Thanks to Wellington City Council and the Belgian Embassy, the generous support Elizabeth Pinfold gave to Belgium's First World War refugees are now permanently remembered.
Thousands of New Zealanders generously donated their time, goods and money to support Belgian refugees in the First World War, raising £805,000 (equivalent to about $100 million today) for the Belgian Relief Fund. For their efforts, the Belgian Government awarded some of them with the Queen Elisabeth Medal.
Belgium had created the Queen Elisabeth Medal – named after the Queen of Belgium who reigned from 1909 to 1934 – to honour Belgian and foreign women who had performed exceptional services to relieve the suffering of Belgian citizens during the First World War. In New Zealand, 33 women received the medal for their role in fundraising for the Belgian Relief Fund and sending clothing, bedding, and food to Belgians displaced when Germany invaded Belgium.
One such recipient was Mrs Elizabeth Pinfold (1859 – 1927), who began supporting causes to help the war effort shortly after the outbreak of war in August 1914. She wrote to newspapers around New Zealand appealing for donations of old clothing for Belgians and Britons in need. The Kaikorai Women’s Association in Dunedin, of which Mrs Pinfold was a member, was soon inundated with donations.
In the 1920s, Mrs Pinfold was awarded the Queen Elisabeth Medal for her work fundraising and supporting for the people of Belgium.
Mrs Pinfold died in 1927, at the age of 66, from injuries she received after being knocked down by a motorcycle in the main road of Karori, Wellington. A verdict of accidental death was recorded. Mrs Pinfold was buried at Karori Cemetery, in the hills above Wellington.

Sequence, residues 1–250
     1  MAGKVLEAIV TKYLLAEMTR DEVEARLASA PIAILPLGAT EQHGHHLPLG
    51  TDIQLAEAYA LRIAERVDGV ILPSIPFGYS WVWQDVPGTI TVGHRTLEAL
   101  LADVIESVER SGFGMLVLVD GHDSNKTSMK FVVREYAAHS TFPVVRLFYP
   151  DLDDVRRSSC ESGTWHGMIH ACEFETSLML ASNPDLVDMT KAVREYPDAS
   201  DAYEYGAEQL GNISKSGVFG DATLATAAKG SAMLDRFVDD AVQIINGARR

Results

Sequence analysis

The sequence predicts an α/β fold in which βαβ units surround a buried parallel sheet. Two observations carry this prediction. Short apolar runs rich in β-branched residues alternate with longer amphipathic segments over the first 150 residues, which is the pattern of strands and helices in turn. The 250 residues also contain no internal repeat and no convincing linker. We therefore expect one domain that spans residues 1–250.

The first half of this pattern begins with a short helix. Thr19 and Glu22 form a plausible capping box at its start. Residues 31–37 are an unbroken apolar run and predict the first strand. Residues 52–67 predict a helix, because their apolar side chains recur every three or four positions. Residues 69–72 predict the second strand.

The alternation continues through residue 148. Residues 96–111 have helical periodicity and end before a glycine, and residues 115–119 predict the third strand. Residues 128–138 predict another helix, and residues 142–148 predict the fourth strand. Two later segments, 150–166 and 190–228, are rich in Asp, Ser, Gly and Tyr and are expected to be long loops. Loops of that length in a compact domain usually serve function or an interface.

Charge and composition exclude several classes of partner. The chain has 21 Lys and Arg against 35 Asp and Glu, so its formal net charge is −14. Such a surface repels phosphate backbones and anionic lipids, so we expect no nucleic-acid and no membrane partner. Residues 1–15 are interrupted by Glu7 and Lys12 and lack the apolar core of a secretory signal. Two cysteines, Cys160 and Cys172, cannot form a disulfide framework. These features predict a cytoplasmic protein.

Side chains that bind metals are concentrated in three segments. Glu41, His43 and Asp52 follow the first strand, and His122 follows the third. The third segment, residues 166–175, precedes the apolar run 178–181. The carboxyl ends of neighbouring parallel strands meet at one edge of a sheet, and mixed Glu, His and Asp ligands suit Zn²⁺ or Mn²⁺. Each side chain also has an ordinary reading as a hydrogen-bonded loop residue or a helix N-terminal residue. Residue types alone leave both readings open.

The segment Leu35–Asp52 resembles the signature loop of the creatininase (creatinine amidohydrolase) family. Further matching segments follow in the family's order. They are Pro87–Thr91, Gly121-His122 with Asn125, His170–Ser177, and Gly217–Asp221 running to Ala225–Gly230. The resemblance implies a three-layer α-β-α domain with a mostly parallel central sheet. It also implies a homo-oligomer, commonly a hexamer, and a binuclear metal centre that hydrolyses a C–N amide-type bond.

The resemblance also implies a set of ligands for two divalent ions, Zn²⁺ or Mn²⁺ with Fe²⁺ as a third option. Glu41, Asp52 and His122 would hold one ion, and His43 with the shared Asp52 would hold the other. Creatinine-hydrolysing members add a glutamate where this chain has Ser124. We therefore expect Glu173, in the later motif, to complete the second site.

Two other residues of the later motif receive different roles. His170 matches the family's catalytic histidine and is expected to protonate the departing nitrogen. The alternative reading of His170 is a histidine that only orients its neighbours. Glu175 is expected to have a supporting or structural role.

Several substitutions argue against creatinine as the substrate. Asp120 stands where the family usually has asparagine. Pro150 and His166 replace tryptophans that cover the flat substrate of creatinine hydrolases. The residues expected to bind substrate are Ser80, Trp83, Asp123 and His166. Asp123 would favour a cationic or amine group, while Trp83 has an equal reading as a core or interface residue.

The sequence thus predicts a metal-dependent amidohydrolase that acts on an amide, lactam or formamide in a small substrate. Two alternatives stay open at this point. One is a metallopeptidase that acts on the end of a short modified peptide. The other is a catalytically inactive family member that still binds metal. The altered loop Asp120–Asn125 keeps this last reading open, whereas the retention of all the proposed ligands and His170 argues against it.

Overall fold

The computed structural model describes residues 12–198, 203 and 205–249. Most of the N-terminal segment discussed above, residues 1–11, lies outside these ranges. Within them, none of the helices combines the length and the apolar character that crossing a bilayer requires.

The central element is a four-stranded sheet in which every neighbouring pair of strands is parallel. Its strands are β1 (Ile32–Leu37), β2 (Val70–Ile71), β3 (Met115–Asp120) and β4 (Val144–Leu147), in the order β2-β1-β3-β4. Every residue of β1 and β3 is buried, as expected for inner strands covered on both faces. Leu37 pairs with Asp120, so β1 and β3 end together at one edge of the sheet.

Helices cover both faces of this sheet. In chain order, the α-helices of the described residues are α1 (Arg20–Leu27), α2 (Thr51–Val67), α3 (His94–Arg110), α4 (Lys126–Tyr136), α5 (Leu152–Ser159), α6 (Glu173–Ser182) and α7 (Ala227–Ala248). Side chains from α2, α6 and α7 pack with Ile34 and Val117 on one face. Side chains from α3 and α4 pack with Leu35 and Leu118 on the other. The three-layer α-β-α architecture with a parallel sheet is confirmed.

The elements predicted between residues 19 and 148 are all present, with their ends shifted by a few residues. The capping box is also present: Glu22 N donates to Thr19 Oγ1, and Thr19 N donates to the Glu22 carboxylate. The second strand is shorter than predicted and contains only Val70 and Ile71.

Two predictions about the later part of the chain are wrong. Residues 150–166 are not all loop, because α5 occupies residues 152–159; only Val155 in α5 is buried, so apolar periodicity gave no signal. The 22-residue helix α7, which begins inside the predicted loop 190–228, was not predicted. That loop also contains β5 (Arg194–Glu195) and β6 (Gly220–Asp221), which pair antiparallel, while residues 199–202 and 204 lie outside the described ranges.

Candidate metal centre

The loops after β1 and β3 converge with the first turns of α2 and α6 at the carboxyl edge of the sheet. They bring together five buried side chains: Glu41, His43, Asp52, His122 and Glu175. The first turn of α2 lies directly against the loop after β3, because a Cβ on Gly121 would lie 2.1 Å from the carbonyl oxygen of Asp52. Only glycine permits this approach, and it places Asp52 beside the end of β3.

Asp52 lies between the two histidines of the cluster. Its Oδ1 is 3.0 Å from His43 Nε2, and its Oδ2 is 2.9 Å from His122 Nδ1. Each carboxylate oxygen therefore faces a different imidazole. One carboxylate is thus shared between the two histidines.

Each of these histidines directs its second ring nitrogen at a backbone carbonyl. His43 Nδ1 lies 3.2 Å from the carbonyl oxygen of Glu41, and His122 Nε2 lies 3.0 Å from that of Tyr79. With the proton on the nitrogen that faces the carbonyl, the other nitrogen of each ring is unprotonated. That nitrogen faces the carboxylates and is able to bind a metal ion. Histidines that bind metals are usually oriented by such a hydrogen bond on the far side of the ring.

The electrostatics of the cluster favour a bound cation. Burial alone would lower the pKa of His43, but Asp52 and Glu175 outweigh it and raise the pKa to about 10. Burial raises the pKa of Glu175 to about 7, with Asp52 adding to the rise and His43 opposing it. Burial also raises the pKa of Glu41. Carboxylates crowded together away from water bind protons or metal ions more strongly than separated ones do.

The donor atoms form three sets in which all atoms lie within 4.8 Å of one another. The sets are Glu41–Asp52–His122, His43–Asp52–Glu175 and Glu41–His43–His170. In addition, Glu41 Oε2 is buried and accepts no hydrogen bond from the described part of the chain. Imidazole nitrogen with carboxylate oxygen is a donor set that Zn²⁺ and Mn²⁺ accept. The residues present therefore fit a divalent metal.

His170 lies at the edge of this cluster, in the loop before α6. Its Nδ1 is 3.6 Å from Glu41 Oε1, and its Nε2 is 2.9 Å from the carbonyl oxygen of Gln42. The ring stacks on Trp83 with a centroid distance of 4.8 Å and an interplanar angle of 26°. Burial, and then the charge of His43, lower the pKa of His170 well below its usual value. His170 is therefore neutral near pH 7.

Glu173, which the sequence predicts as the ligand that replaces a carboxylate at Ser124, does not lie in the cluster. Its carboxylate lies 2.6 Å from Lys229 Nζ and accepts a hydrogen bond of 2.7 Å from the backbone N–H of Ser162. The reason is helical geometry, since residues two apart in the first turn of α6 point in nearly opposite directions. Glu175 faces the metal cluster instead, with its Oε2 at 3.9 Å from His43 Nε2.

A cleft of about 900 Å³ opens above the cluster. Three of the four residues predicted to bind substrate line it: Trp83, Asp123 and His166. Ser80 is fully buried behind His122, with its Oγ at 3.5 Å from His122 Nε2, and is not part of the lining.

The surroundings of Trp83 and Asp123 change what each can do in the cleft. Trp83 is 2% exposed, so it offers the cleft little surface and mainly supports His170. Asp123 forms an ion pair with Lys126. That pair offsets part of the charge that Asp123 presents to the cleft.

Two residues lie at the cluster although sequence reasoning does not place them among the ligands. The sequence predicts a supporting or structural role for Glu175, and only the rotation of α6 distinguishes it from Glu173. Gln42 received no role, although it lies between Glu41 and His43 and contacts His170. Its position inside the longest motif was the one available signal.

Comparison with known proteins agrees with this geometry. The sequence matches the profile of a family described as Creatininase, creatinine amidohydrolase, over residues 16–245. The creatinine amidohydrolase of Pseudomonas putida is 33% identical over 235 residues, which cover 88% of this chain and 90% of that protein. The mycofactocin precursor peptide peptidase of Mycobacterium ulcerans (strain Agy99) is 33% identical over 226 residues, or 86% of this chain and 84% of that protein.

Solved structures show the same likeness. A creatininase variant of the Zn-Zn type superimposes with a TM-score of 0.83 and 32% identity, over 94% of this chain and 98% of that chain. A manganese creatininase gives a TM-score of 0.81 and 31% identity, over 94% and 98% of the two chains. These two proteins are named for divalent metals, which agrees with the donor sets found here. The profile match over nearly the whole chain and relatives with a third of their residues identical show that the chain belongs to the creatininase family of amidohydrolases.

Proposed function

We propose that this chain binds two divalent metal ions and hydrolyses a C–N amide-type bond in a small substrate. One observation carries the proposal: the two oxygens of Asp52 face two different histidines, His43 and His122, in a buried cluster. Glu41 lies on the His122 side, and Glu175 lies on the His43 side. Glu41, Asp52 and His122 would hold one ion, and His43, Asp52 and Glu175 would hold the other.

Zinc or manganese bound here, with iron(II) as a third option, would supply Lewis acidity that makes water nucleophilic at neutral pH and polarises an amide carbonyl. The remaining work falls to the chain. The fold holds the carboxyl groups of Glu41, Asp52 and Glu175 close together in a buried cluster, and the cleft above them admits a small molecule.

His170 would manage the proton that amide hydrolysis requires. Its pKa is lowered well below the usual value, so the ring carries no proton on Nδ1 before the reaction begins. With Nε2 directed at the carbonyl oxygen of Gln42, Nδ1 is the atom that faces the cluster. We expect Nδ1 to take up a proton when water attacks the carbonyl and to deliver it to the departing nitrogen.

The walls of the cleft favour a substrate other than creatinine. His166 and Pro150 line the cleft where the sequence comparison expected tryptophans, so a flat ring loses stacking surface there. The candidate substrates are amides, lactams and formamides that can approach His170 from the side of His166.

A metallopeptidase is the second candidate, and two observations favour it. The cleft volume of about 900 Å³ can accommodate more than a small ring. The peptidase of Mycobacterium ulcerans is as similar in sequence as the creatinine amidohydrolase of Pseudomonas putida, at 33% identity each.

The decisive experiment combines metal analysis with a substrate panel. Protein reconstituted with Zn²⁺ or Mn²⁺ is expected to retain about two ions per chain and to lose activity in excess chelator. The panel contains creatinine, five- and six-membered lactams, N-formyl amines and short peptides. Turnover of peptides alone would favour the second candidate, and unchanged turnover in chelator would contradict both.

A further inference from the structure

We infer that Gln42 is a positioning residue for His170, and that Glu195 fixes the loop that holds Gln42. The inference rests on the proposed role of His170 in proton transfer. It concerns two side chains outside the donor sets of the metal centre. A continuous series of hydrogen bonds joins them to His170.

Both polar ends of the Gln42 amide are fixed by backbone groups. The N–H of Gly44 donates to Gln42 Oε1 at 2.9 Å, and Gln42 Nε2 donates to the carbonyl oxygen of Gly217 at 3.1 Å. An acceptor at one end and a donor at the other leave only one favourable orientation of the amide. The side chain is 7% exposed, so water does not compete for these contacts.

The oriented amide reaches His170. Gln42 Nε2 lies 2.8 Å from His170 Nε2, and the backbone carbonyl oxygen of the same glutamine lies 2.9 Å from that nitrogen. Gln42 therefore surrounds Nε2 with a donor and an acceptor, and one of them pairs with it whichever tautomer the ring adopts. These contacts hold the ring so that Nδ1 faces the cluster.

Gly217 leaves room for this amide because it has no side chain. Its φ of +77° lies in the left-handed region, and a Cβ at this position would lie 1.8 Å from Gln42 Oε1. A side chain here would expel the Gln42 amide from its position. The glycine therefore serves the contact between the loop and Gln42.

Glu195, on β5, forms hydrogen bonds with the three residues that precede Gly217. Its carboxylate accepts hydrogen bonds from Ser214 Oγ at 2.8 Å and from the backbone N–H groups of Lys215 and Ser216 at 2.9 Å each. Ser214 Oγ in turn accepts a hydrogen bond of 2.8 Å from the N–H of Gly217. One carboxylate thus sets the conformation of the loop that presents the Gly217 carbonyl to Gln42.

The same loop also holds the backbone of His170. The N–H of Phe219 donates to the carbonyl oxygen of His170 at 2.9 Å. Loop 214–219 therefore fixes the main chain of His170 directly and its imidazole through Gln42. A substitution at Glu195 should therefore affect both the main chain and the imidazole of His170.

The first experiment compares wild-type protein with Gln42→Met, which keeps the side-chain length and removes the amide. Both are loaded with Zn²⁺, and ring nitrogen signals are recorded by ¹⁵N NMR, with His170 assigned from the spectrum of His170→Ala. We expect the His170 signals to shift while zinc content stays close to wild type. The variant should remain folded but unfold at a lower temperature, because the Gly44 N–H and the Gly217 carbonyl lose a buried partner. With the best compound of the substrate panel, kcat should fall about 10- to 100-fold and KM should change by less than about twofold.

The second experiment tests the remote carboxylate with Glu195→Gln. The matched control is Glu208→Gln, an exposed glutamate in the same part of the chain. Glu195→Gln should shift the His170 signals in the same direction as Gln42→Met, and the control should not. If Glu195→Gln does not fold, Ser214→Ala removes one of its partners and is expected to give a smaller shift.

Dilys Grant, Project Manager WW1 Commemorations at the Wellington City Council, discovered Mrs Pinfold’s dilapidated grave at the cemetery, in an unkempt area amongst other old and neglected graves. She worked with the Cemetery Manager, the WW100 Programme Office at the Ministry of Culture and Heritage, and the Belgian Embassy to restore the grave and build a story board sign that would tell interested people about Mrs Pinfold’s story and the work of the Belgian Relief Fund.
The first step was to repair the grave. Dilys said that a local company which specialises in repairing graves “transformed the crumbling grave into something very special.”
A signage company was employed to design and build a permanent sign that could be easily read by passers-by and those visiting the grave.
Wellington City Council worked with the Belgian Embassy in Canberra to create a plaque for the grave. The plaque contained an image of the medal, and an acknowledgement from the Belgian Government that the medal had been awarded.
Jean-Luc Bodson, the outgoing Belgian Ambassador, who was in New Zealand at the time, attended the unveiling of Mrs Pinfold’s restored grave on 21 July 2017, Belgium’s National Day.
Also present at the unveiling were Mrs Pinfold’s granddaughter, great-granddaughter, great-great granddaughter, and great-great-great granddaughter. The Dunedin City Council had helped Dilys to trace the four generations of relatives of Mrs Pinfold’s 10 children. Mrs Pinfold’s relatives had been unaware of her achievements and were pleased to be involved in the unveiling and learn about their family history.
The Belgian Embassy has completed similar restoration work on the graves of more than 20 women in Dunedin, where most of New Zealand’s medal recipients lived. The unveiling of the restored graves and plaques will take place in mid-October 2017, to coincide with the centenary of the Battle of Passchendaele.